I can only partially commend Sculatti because when he starts writing about the music, he perceives everything through the nostalgic lens of an aging baby-boomer (who also happened to write for Rolling Stone). All the music was great. Pathetic performances are transformed into moments of legend and lore. He also fails to question the underlying ethos of the hippie movement, but that is hardly surprising. If you objectively attempt to answer the question, “What was the primary characteristic of the hippie movement?” the only possible answer is “the complete denial of reality.”
We’ll go into that topic in more detail throughout the review and in an interview with my parents at the end of this post, but for now . . . the music awaits.
John Sebastian, “I Had a Dream”: Woodstock is not a chronological record of the event; Sebastian didn’t appear until day two. It would have been better for the audience if he hadn’t shown up at all. The “dream theme” of the 1960’s is regurgitated here in a sappy piece of hippie tripe. Sculatti makes a lame attempt to link this silly song to Martin Luther King’s “I Have a Dream” speech, calling it “poignantly anachronistic” in the classic style of a pompous ass from Rolling Stone. The most revealing aspect of the song is the mythological reference in the first verse:
I had a dream last night
What a lovely dream it was
I dreamed we all were alright
Happy in a land of Oz
The Wizard of Oz was the dominant myth for millions of Baby Boomer children, particularly in the United States. Unlike today where we can stream any movie any time we want, The Wizard of Oz appeared on television only once per year, and at least half the families in the USA tuned in for the fun. It was publicized as a special, a term that really meant something back then. And what did all these future denizens of Haight-Ashbury and Woodstock learn from The Wizard of Oz? That all you needed to show people you were smart was a diploma. That all you needed to show people you that you cared was to carry a tchotchke that symbolized love. That all you needed to show people you had courage was a medal. It didn’t matter at all that you received these gifts from a wizard who proved to be a complete fraud. All that mattered was validation from a source that was generally accepted by the public as a credible source of recognition. And how did our heroine make it back to Kansas? Glenda the Good Witch told her that she had the power all along, so she clicked her red slippers three times and in seconds she had the thing she wanted most. If you believe hard enough, all your dreams will come true. If we all believe it, it must be true.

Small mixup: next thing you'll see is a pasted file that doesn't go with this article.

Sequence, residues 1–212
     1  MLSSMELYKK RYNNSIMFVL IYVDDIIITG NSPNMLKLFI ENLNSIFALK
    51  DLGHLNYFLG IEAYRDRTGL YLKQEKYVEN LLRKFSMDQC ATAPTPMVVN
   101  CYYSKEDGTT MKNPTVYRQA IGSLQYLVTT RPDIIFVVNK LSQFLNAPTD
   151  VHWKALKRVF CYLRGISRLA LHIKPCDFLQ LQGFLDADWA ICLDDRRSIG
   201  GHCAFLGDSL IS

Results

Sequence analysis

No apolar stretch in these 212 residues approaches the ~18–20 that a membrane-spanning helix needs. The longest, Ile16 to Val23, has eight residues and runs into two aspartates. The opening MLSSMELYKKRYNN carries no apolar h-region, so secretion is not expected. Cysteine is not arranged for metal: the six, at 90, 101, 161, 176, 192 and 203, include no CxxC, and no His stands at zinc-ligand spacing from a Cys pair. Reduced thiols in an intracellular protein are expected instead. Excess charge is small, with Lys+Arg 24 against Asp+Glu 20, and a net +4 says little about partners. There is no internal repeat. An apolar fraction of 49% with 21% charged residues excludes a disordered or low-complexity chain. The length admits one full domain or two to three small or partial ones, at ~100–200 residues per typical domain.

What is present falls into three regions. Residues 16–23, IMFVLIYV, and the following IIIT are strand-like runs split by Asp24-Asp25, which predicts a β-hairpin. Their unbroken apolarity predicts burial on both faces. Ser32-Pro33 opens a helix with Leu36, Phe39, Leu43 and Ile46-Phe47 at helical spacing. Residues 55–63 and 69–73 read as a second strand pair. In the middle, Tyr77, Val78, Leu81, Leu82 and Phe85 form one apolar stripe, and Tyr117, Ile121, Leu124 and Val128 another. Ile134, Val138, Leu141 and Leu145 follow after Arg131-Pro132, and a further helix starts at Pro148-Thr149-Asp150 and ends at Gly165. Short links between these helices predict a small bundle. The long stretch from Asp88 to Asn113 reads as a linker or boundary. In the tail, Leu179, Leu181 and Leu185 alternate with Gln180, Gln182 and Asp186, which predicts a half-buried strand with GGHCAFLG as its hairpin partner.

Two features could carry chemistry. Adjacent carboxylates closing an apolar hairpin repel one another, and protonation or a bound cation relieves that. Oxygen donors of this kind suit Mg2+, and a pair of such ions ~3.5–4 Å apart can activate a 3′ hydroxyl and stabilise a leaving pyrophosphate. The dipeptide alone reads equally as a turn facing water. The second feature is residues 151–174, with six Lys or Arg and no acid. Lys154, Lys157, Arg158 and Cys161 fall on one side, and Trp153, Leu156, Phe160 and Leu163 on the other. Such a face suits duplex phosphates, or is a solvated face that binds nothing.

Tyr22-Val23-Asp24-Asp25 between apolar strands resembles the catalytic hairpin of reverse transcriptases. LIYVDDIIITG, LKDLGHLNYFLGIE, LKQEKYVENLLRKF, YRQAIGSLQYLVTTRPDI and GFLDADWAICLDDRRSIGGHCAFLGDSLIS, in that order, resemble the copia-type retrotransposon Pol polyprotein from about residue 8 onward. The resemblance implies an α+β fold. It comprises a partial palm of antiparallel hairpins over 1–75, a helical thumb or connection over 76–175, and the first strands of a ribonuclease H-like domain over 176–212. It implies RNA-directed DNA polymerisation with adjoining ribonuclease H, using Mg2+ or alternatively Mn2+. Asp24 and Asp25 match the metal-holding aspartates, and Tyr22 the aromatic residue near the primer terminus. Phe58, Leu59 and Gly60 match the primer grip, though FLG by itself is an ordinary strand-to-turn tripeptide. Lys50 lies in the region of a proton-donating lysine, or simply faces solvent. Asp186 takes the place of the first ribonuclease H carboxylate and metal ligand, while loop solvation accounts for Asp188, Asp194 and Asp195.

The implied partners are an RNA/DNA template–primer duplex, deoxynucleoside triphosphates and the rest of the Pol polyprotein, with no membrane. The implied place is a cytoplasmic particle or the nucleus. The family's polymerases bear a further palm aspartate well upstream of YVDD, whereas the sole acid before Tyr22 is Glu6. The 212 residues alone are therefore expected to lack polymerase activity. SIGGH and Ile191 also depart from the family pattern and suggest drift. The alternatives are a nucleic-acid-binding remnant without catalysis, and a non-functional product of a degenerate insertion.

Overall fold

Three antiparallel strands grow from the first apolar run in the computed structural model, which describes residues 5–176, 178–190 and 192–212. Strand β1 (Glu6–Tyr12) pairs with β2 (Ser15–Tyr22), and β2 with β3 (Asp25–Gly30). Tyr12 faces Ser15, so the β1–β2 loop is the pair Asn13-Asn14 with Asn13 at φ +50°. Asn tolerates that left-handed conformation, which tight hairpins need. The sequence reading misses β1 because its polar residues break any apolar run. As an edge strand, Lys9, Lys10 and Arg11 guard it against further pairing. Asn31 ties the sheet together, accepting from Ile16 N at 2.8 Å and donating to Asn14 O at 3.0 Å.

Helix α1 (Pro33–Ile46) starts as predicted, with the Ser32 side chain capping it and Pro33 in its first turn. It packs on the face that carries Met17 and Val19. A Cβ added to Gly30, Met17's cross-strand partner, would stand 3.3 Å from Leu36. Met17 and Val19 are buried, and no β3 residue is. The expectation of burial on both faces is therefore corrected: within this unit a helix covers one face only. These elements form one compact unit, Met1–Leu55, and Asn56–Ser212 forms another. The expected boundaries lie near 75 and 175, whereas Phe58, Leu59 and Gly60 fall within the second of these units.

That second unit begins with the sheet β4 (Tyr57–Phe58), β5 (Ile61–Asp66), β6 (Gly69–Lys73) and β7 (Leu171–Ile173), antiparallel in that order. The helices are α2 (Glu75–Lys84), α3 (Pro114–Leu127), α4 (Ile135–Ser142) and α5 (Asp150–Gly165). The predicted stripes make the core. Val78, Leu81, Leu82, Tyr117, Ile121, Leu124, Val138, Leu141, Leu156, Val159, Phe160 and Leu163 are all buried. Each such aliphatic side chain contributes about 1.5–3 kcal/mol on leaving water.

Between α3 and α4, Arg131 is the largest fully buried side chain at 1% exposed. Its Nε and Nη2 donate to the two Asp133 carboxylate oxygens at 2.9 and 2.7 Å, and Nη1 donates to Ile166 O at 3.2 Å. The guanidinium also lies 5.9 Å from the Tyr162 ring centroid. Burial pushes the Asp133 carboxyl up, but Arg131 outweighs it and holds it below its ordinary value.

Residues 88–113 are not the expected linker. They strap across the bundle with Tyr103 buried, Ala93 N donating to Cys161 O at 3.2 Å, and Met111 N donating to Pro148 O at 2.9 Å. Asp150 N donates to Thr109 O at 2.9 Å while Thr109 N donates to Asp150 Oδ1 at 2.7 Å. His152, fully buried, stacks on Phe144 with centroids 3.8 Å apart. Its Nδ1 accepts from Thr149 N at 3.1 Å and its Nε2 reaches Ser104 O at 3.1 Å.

So while Dorothy made it back home to eventually fulfill her destiny as a farmer’s wife, the scarecrows went to college to get their diplomas, the lions went to Nam or joined the National Football League to earn their battle scars, and the tin men wore beads and peace symbols and became the flower children. And they all adopted the philosophy that if you believe hard enough, all your dreams will come true; if we all believe it, it must be true. And if things don’t work out, hey, life’s a dream!
Such a ludicrous philosophy is what made it possible for 300,000 people to believe that camping in the mud for three days and nights was like a trip to the magical land of Oz.
Canned Heat, “Going Up the Country”: After the fake crickets, Canned Heat takes the virtual stage. Alan “Blind Owl” Wilson’s voice is completely shot, his falsetto cracking while the notes he tries to hit remain as elusive as world peace. Henry Vestine supports the effort with a lead solo that begins frightfully out of tune. I keep waiting for the gunshot from Lemmings to put these people out of their misery. The song fades into more fake crickets and the sounds of setting up the venue: trucks, hammering, men shouting, light crowd buzz. We get the first announcement, the famous “brown acid” warning: “It’s suggested that you do stay away from that—of course, it’s your own trip, so be my guest.” The gentleman who made that announcement probably holds a high position in the Food and Drug Administration today. A sound check guy shows that he’s making the scene by repeating “number nine, number nine, number nine” to test the mikes. Oh, for fuck’s sake.
Richie Havens, “Freedom”: “Let’s welcome Mr. Richie Havens,” intones the emcee. That’s another wrinkle in time, for Richie responds by playing the last song of his set.